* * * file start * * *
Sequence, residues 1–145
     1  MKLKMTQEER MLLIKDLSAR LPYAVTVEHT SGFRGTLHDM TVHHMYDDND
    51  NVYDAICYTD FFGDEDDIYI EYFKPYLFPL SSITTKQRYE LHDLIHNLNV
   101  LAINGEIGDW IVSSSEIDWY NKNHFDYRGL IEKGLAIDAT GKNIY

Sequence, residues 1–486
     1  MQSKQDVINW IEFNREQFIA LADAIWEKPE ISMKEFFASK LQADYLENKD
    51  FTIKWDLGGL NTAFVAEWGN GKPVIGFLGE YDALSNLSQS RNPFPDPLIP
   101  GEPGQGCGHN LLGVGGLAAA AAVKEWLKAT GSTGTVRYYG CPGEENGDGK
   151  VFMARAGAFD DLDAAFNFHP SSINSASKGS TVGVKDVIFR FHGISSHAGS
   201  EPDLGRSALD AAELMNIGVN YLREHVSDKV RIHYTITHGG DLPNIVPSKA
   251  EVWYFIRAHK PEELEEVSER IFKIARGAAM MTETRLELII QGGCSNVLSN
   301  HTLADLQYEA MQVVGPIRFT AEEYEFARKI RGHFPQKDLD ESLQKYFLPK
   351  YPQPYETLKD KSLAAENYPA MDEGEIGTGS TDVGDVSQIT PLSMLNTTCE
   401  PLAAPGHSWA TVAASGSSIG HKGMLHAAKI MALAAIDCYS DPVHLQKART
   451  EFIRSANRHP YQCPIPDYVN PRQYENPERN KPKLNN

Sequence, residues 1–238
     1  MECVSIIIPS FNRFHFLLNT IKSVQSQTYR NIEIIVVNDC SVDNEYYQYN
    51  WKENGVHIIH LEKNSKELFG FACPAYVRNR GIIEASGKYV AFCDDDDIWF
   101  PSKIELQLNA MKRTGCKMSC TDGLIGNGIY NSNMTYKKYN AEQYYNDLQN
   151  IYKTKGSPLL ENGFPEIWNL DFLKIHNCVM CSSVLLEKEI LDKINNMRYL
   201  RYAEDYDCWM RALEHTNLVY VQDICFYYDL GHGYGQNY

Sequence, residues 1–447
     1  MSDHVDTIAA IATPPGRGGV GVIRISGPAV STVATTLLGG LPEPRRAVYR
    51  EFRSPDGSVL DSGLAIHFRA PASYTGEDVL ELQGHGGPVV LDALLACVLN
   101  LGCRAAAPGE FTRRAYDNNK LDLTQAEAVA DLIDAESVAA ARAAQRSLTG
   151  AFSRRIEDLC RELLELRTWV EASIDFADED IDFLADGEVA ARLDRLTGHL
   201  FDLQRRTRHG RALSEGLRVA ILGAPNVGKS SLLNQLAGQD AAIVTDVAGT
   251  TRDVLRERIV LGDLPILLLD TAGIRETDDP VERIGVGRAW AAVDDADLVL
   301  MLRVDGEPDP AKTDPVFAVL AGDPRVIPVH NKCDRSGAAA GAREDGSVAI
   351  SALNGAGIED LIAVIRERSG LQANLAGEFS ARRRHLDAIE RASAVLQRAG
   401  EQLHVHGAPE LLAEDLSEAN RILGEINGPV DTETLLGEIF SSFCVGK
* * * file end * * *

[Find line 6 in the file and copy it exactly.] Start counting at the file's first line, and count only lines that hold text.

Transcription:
     1  MQSKQDVINW IEFNREQFIA LADAIWEKPE ISMKEFFASK LQADYLENKD